Researchers from Delft University of Technology have engineered the yeast Saccharomyces cerevisiae to increase ethanol yield from biomass waste by eliminating production of glycerol (glycerol production is essential to reoxidize NADH produced in biosynthetic processes), reoxidizing NADH instead by the reduction of acetic acid to ethanol. A paper on their work was published online 13 November in the journal Applied and Environmental Microbiology.
Significant amounts of acetic acid are released upon hydrolysis of lignocellulosic biomass—a pre-treatment for fermentation—and, in fact, acetic acid is studied as an inhibitor of yeast metabolism in lignocellulosic hydrolysates, the authors note. This new metabolic engineering strategy is thus a triple win, says principal researcher Jack Pronk: “no glycerol formation, higher ethanol yields and consumption of toxic acetate”.
Researchers have estimated that up to 4% of the sugar feedstock in typical industrial ethanol processes is converted into glycerol. Several other metabolic engineering strategies have been explored to reduce or eliminate glycerol production in anaerobic cultures of S. cerevisiae with lower or no success.
The goal of the present study is to investigate whether the engineering of a linear pathway for the NADH dependent reduction of acetic acid to ethanol can replace glycerol formation as a redox sink in anaerobic, glucose-grown cultures of S. cerevisiae and thus provides a stoichiometric basis for elimination of glycerol production during industrial ethanol production.
The S. cerevisiae genome already contains genes encoding acetyl-Coenzyme A synthetase and NAD+-dependent alcohol dehydrogenases. To complete the linear pathway for acetic acid reduction, we expressed an NAD+-dependent, acetylating acetaldehyde dehydrogenase from Escherichia coli into a gpd1Δ gpd2Δ strain of S. cerevisiae.—Medina et al.
The researchers found that they were indeed able to reduce the glycerol yield to zero, while the apparent ethanol yield on glucose has increased to 62 C-mol%, representing a theoretical 18% increase relative to the ethanol yield of the reference strain grown on glucose as the sole carbon source.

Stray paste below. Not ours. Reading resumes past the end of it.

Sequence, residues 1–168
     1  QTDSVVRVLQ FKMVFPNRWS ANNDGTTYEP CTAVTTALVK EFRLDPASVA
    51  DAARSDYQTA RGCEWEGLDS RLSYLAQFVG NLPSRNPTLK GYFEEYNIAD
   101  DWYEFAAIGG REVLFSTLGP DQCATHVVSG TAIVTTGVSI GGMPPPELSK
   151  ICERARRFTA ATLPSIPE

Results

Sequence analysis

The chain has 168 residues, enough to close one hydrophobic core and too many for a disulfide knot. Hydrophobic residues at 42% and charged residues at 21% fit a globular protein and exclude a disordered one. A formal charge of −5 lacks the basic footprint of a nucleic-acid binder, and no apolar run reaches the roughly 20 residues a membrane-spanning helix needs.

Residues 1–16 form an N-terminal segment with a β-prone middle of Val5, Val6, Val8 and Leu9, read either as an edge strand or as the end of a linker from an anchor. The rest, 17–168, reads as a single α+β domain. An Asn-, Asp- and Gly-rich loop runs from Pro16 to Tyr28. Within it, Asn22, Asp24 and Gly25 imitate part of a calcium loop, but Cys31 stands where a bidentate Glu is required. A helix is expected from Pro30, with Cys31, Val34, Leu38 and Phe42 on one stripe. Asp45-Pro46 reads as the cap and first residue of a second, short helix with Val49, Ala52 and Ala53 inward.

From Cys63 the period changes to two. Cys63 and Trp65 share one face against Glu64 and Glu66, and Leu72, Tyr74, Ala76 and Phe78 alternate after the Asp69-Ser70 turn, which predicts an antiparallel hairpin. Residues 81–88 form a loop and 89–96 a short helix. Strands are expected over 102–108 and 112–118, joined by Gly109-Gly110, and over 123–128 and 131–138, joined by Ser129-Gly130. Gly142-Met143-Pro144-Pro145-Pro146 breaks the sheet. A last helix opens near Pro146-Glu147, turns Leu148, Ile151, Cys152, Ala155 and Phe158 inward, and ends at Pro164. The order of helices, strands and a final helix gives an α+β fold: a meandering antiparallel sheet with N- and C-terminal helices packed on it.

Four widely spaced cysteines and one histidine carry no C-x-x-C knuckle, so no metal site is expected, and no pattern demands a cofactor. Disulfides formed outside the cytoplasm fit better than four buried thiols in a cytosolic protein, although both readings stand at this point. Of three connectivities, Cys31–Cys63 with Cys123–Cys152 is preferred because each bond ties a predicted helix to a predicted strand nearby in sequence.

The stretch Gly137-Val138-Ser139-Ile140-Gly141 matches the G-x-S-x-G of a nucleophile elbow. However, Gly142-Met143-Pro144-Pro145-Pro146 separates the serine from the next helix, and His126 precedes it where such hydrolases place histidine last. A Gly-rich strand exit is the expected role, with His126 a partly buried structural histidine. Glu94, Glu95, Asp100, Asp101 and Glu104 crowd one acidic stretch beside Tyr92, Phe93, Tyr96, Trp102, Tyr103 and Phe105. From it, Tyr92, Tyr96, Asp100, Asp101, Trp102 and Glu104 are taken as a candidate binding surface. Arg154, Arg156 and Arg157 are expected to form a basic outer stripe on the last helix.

While their work provides a proof of principle that, stochiometrically, the role of glycerol as a redox sink for anaerobic growth of S. cerevisiae can be fully replaced by a linear pathway for NADH-dependent reduction of acetate to ethanol, the authors note that several issues remain to be addressed before industrial implementation would be possible:
Growth and product formation in the engineered strain were significantly slower than in the reference strain, due to a number of possible factors.
Glycerol, which protects yeast cells at high extracellular osmolarity, is likely to be relevant in industrial fermentations with high initial sugar concentrations. Analysis needs to be done to analyze osmotic stress in anaerobic cultures unable to produce glycerol. “Such research should, ultimately, address the question whether robust industrial yeast strains can be constructed that do not produce glycerol.”
The Delft yeast researchers, who applied for a patent on their invention, hope to intensively collaborate with industrial partners to accelerate its industrial implementation.
Guadalupe Medina et al. (2009) Elimination of glycerol production in anaerobic cultures of Saccharomyces cerevisiae engineered for use of acetic acid as electron acceptor. Applied and Environmental Microbiology doi: 10.1128/AEM.01772-09 10.1128/AEM.01772-09